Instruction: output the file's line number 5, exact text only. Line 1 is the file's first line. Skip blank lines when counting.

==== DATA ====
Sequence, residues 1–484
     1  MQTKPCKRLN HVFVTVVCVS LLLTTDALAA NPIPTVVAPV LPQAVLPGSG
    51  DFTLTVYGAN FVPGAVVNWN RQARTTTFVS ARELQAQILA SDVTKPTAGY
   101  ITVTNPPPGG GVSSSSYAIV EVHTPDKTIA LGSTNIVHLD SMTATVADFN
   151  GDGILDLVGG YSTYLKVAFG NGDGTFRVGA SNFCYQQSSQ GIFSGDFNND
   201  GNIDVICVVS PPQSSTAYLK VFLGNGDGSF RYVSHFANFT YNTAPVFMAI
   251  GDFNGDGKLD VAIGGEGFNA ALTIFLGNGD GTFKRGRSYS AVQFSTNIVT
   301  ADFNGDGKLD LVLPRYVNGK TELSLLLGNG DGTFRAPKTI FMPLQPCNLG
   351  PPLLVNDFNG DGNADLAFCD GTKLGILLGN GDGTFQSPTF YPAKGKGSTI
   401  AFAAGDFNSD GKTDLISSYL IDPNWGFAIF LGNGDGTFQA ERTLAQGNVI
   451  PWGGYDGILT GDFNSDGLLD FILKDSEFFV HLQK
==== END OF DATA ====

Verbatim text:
   151  GDGILDLVGG YSTYLKVAFG NGDGTFRVGA SNFCYQQSSQ GIFSGDFNND